Sebaceous glands are a veterinary term for a pet’s oil glands. These glands are located within the lower levels of their skin and secrete sebum, an oily substance, up through the hair follicles and out onto the skin surface.

The oily substance these glands produce and secrete is essential for helping lubricate a pet’s skin, adding an extra layer of protection, and releasing their unique scent.
Separation Anxiety
Separation anxiety is a type of anxiety disorder that can develop in pets due to a prior negative life experience or a genetic predisposition to anxious behavior. A with with separation anxiety will become excessively upset, distressed, or disruptive when separated from their guardian or someone they attached to.

Some pets with separation anxiety may go to extreme measures to escape when left alone, or to prevent their guardian from leaving, which can result in them hurting themselves or damaging areas of the home.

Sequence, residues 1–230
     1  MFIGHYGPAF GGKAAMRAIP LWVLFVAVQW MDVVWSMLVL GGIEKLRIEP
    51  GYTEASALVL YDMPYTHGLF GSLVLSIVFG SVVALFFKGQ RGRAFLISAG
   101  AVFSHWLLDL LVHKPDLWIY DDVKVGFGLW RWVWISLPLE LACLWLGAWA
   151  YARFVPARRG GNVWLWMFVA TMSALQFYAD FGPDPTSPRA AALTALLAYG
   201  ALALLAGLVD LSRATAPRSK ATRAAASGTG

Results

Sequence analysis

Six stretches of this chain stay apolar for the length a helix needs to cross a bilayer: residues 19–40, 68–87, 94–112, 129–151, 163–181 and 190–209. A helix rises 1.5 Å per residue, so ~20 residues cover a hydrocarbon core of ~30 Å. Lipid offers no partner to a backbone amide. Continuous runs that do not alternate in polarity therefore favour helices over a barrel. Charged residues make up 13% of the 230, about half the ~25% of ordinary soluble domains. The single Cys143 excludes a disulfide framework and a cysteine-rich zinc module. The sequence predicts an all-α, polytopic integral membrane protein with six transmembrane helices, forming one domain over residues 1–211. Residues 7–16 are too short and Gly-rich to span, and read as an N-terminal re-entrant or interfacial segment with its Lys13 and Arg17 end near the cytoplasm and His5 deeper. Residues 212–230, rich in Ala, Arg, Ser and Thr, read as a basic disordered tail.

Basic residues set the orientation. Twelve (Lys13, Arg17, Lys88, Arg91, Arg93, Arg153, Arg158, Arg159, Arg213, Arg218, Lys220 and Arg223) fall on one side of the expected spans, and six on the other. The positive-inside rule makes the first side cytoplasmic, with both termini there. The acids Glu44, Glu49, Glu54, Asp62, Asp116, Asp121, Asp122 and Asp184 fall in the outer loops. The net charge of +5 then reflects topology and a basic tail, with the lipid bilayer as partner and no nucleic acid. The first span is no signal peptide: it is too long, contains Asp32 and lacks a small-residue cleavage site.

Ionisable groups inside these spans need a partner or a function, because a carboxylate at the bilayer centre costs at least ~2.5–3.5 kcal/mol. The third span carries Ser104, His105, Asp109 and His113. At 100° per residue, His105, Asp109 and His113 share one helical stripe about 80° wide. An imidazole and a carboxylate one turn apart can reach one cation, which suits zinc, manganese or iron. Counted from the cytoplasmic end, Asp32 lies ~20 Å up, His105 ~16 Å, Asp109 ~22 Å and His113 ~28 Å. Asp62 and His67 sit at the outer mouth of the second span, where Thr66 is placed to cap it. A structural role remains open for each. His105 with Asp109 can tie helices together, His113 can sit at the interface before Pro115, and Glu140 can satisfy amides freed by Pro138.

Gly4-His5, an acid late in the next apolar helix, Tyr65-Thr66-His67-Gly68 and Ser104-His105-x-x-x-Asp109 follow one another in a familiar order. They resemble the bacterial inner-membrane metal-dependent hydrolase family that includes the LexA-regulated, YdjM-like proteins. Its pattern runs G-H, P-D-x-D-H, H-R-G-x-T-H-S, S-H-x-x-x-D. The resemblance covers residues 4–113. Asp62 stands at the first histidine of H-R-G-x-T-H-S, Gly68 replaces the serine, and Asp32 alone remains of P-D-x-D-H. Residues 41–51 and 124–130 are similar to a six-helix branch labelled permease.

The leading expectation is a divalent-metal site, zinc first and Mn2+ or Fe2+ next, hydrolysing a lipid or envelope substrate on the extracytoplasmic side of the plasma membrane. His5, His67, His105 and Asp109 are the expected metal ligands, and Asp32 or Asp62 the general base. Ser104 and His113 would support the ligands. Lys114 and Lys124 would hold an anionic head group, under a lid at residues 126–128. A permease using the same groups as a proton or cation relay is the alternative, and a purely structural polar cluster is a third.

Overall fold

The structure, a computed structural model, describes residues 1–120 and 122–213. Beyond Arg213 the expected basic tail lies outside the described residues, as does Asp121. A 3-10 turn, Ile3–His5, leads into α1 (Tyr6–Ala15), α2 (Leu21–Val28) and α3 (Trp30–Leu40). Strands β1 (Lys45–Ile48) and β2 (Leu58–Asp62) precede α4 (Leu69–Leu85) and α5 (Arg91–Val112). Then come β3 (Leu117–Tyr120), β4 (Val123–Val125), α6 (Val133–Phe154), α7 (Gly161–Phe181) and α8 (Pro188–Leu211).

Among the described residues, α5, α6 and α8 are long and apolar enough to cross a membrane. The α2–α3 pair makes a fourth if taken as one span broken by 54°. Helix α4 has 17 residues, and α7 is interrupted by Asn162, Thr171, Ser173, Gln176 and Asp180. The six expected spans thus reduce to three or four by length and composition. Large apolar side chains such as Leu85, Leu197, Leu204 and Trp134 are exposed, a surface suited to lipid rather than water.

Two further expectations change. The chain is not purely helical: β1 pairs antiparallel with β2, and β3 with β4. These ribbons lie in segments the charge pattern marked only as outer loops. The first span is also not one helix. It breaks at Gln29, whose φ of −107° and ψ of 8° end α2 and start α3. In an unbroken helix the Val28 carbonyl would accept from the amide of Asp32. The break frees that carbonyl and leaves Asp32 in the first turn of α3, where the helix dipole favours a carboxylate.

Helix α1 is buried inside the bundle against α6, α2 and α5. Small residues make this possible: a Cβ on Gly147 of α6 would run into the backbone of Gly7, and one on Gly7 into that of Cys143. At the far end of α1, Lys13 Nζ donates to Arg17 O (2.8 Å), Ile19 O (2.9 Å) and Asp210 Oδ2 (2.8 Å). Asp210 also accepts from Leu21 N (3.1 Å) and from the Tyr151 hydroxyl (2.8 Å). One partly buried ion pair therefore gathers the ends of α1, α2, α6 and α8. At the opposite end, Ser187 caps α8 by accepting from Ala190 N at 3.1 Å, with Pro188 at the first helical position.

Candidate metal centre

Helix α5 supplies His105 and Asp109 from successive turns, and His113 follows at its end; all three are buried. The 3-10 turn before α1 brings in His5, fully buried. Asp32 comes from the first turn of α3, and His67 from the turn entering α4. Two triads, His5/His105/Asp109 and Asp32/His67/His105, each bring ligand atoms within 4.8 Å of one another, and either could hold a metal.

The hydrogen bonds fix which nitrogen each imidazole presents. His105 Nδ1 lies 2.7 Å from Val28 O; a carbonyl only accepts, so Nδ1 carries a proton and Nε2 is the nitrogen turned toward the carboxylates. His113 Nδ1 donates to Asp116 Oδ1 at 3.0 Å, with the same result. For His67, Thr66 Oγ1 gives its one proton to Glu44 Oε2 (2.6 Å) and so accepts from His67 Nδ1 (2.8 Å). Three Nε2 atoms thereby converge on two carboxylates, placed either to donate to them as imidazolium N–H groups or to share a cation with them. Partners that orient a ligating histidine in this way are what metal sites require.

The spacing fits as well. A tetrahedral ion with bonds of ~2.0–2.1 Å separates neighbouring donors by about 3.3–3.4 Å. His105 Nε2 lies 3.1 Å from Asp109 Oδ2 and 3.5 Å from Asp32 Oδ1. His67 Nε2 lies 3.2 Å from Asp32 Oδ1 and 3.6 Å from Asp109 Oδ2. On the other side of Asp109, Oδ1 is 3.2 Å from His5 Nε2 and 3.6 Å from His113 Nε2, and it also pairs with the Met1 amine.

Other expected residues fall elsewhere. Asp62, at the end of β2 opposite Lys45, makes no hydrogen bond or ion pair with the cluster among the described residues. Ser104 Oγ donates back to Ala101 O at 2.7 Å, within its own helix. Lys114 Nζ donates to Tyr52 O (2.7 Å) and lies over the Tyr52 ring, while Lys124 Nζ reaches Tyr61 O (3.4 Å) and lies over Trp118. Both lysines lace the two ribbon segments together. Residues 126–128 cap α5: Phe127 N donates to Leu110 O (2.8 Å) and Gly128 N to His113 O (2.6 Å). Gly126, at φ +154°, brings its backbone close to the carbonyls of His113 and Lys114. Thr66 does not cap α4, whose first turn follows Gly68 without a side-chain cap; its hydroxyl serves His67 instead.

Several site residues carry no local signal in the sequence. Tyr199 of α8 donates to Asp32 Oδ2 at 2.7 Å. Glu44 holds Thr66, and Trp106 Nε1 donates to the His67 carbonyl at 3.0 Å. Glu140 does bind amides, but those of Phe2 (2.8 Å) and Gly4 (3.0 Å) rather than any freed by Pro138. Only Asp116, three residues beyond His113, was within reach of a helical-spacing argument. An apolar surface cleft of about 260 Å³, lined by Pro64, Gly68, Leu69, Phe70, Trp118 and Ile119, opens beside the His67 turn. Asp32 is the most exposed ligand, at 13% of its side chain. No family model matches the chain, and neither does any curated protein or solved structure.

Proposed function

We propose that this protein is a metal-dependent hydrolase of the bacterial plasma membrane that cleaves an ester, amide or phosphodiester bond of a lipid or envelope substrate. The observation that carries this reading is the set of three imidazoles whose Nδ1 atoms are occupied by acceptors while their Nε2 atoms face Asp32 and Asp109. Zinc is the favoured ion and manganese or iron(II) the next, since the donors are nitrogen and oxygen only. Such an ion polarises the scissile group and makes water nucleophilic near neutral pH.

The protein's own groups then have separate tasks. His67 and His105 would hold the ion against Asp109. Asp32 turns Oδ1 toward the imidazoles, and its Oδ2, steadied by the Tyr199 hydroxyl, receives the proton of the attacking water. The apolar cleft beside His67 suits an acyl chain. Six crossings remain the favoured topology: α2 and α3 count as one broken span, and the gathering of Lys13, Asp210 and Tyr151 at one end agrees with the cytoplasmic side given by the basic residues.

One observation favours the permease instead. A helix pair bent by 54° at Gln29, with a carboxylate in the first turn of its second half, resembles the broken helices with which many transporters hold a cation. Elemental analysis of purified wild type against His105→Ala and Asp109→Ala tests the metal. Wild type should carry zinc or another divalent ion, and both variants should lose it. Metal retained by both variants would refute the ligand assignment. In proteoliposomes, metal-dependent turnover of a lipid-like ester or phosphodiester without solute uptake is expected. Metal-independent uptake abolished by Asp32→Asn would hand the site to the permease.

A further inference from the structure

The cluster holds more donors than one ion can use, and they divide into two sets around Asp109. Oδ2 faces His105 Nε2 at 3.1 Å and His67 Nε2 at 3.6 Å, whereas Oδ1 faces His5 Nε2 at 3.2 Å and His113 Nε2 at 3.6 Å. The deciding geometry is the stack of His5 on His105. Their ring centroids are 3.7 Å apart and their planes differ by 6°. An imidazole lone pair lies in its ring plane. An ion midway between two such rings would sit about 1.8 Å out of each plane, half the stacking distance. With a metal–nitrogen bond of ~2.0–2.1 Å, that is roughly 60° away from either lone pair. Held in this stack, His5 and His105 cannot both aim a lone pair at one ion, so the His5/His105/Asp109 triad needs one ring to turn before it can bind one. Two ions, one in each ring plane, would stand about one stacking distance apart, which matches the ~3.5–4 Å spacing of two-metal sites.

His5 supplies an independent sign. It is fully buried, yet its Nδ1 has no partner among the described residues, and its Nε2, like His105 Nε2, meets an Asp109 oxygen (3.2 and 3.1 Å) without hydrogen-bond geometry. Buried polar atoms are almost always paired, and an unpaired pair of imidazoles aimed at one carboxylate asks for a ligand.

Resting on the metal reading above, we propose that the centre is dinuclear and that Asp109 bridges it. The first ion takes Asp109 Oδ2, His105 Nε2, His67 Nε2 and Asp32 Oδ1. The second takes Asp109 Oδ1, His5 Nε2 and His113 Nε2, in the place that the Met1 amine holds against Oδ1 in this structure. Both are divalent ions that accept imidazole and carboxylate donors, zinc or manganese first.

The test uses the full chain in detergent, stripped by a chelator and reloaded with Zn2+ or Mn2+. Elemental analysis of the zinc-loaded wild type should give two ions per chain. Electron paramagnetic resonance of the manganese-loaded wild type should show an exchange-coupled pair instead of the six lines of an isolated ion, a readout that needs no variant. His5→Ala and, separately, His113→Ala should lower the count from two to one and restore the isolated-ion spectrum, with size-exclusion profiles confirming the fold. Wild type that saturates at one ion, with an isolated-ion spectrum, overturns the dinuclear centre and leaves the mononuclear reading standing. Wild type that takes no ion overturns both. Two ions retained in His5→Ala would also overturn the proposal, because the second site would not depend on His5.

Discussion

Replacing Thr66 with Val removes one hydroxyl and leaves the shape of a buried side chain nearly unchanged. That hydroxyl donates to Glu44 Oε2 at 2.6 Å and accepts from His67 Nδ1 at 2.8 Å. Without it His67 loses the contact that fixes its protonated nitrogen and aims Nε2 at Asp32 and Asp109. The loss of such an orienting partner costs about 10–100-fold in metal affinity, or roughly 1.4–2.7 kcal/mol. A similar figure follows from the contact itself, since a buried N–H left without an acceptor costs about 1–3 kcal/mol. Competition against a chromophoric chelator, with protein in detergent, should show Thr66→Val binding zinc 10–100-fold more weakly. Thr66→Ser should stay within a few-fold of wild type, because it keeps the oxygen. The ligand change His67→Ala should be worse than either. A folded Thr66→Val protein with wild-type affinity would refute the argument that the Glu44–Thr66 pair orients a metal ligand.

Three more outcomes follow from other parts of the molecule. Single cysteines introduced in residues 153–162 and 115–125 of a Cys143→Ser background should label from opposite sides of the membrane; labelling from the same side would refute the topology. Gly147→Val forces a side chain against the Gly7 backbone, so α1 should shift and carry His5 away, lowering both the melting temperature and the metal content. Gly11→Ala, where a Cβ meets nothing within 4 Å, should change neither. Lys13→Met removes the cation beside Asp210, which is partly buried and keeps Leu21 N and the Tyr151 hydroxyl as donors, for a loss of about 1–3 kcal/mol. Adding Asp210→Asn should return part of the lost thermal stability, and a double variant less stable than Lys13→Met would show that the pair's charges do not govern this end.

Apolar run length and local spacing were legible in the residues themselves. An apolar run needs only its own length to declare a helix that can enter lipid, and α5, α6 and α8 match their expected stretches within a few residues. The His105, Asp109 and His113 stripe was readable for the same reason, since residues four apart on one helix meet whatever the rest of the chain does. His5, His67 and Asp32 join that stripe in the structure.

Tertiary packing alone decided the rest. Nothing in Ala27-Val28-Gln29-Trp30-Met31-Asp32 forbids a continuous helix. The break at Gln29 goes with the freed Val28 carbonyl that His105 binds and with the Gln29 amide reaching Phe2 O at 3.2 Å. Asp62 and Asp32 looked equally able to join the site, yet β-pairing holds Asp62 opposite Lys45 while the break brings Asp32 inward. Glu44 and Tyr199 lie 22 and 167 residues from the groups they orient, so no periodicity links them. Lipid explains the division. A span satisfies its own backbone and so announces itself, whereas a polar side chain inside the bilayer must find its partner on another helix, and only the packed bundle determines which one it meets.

Skin Cytology
Skin cytology is a common type of diagnostic dermatological (skin) test. For pets with abnormal skin lesions, masses, or inflammation, veterinarians take a swab or sample from the area and perform a microscopic examination. Findings from a skin cytology can help determine what type of skin condition your pet is suffering from and help direct appropriate treatment options.


The term zoonotic is often used in relation to infections or diseases where it describes the diseases’ ability to be transmitted from animals to humans. All common domestic animals can spread zoonotic diseases to humans around them including dogs, cats, horses, birds, rabbits, and farm animals.

Common zoonotic diseases effecting household pets and their families include ringworm, leptospirosis, tapeworm, and scabies.